Spartan race first major return to competition in area

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JACKSONVILLE – SPARTAN hosted its first U.S. event, the June 13 SPARTAN race series in Jacksonville, since suspending its season for nearly three months, implementing aggressive new and modified operating procedures to maximize the safety of racers, staff and volunteers. The 5k Obstacle Course Race (OCR) took place earlier today at the WW Motocross Park in Jacksonville, Fla., with a reduced capacity of 1,400 racers. The event was hosted by Visit Jacksonville.

“The time was right for the Spartan community to safely return to the course, and we’re grateful to the state of Florida and city of Jacksonville for hosting this milestone event,” said Spartan’s Vice President of Production Mike Morris. “We worked closely with local officials and consulted medical and safety experts to create the event protocol, reimagining the entire experience - from parking and registration, to the start line, finish line and every touch point in between.”

For one athlete, YMCA Barco Newton fitness instructor Kasey Stevens, the event was a welcomed return to competition, but the lack of fans and spectators, plus a the reduced obstacles put a slight damper on her efforts.

“I’ve done some mega events like this in Japan and the energy was very much reduced,” said Stevens, 38. “Our YMCA offered us the entry to the race to participate and, I think, if I had paid the whole fee, about $150, I would have been disappointed.”

Spartan events focus on sport and athleticism, pushing the bodies and minds of competitors to the limit while conquering signature obstacles. The Spartan Sprint is a 5-km, 20 obstacle race offering fast-paced adventure through rugged terrain built for new and returning racers alike. The course at WW Motocross Park was fast and flat, hopping from soft, sandy track section to open pastures.

Spartan’s safety protocol required the intentional reduction of the event capacity by more than 70 percent of a once-typical Spartan event - seeing racers-per-hour dropping from the usual 1,000 to 300 or less. While the total number of racers reached nearly 1,400 throughout the day, heat sizes were drastically reduced to 24 racers departing every five minutes - which ensured a maximum of 300 racers spread out across 450 acres per hour to allow for ample social distancing. In addition, nearly 50 percent of the course was expanded to 10-feet wide in areas with more concurrent racers, and all water obstacles were removed.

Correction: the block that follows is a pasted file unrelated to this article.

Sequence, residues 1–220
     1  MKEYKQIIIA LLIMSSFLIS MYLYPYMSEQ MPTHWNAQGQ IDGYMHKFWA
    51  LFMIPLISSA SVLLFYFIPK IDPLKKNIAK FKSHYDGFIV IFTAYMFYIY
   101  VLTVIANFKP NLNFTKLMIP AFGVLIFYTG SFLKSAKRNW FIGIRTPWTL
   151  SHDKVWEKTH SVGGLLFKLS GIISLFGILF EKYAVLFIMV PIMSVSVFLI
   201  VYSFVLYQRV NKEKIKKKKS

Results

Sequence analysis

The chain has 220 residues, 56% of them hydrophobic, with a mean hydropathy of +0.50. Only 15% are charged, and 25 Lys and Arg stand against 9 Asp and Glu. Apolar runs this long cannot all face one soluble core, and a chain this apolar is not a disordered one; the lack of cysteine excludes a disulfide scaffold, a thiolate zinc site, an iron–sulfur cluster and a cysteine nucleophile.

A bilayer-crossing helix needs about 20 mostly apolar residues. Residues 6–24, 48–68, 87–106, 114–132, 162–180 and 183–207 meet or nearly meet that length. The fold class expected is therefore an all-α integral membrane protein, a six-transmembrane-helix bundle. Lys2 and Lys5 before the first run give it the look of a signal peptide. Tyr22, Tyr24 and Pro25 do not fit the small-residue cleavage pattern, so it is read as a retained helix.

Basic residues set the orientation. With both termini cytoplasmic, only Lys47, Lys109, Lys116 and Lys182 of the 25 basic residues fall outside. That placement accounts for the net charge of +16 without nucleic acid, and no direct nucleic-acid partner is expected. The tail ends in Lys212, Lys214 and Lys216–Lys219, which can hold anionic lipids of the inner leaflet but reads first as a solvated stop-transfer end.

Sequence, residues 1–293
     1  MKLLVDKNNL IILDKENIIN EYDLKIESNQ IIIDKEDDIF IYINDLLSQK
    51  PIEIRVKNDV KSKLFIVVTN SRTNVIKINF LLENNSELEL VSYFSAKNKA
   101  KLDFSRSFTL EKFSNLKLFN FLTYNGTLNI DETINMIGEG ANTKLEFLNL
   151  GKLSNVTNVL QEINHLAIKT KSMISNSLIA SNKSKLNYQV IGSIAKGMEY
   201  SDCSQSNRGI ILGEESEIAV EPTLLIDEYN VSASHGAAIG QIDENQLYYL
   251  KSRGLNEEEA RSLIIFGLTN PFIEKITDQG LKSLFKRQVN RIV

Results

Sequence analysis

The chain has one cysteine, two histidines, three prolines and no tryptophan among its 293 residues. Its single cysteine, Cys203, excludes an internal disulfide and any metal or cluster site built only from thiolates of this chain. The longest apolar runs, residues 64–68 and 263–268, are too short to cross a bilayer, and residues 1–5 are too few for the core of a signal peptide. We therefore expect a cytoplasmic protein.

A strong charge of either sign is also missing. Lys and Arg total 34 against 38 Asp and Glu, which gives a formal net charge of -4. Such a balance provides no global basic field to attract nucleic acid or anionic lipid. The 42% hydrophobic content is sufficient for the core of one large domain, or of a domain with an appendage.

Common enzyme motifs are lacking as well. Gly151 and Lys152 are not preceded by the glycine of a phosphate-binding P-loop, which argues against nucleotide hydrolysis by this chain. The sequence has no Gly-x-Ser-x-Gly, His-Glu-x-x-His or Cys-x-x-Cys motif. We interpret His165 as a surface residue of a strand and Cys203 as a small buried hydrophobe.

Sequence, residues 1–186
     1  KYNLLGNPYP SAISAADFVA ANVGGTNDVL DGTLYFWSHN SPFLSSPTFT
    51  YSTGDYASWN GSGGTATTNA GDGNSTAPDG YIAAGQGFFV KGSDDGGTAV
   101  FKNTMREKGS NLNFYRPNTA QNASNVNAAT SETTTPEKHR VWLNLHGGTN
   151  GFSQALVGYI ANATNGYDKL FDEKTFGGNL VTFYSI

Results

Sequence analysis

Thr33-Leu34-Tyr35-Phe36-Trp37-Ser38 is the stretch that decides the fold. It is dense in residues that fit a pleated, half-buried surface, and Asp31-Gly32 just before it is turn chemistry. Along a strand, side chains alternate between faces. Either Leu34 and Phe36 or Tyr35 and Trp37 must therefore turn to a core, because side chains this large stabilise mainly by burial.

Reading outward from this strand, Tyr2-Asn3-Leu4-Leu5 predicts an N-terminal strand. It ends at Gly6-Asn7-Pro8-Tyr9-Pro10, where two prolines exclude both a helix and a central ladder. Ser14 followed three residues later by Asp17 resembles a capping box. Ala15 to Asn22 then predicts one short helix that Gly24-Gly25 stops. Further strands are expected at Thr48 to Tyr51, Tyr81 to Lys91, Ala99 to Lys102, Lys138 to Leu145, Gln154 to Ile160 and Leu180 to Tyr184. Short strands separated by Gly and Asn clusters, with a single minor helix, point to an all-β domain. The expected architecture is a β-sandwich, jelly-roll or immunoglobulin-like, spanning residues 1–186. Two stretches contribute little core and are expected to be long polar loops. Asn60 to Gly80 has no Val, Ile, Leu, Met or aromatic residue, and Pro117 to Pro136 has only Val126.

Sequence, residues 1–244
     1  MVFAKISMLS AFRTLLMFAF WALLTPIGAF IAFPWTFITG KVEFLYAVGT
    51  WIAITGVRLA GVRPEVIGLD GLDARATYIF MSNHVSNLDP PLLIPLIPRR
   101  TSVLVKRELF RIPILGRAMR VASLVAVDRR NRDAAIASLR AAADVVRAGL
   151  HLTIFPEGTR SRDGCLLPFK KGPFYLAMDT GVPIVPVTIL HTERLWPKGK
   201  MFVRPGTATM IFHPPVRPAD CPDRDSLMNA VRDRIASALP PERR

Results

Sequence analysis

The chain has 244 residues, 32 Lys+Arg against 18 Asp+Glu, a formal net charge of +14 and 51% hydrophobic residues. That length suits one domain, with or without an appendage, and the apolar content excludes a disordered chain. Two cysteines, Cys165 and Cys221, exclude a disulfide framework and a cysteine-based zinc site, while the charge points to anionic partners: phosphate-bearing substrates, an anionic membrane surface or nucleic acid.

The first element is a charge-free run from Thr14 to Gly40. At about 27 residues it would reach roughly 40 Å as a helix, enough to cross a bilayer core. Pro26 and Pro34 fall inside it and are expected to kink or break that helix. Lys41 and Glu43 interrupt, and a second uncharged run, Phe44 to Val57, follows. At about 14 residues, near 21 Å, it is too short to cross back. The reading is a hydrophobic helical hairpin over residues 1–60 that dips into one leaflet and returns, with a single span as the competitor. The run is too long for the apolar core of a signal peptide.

“I appreciate that the SPARTAN people gave us a race to compete in and it was nice after all the virus time off to get out and kind of race, but the mental part of it was very much missing,” said Stevens. “I think the elite athletes who are the pros out there have to go to a different head space to compete hard without the crowds and excitement.”

Morris concurred that the restrictions were necessary.

“Our racers, who wanted to return to the course after nearly three months, respected our rules - and had a lot of fun in the process,” said Morris.

On-site registration was eliminated to minimize customer touch points, and before entering, participants received contactless temperature checks. No racers registered 100.4 or higher, which would have prevented them from entering the event.

Throughout the venue, all event staff and volunteers wore face coverings throughout the entirety of the event and racers were respectful, honoring Spartan’s request to do the same off the course and in the presence of others. Racers were not permitted to enter the venue more than 30 minutes prior to their start time, and had to exit within 30 minutes of their finish, to reduce lingering and the number of people on-site. All staff were tested for COVID-19 prior to the event, and maintained at least 6 feet of distance from one another throughout the event and in the days leading up to it.

“We’re proud of our team for their tireless efforts in taking this necessary first step, not only for Spartan, but the whole endurance sports industry,” said Spartan Founder and CEO Joe De Sena. “Seeing our community take on the race with these new rules and guidelines was inspiring, and we’re thankful for their support. This weekend, we showed the world there is a safe way for endurance sports to return.”

On the course, Spartan offered only sealed water bottles at aid stations, and hand sanitizer was provided after every obstacle and throughout all areas of the venue. Dedicated lanes, along with designated waiting spots, ensured all racers could stay properly distanced while waiting and holding. In keeping with nearly all other major sports preparing for a modified return to operating events, spectators were not permitted.

“The volunteers, I know, were suffering with the masks and the heat, but they were out there all day working and that must have been tough,” said Stevens. “As far as other races and sports returning, it’s going to be tough to keep interest in things like football and even road running without the fans out there. That’s where the energy comes from. The SPARTAN people deserve a lot of credit for at least trying to put on a safe event.”

On-site registration was eliminated to minimize customer touch points, and before entering, participants received contactless temperature checks. No racers registered 100.4 or higher, which would have prevented them from entering the event.

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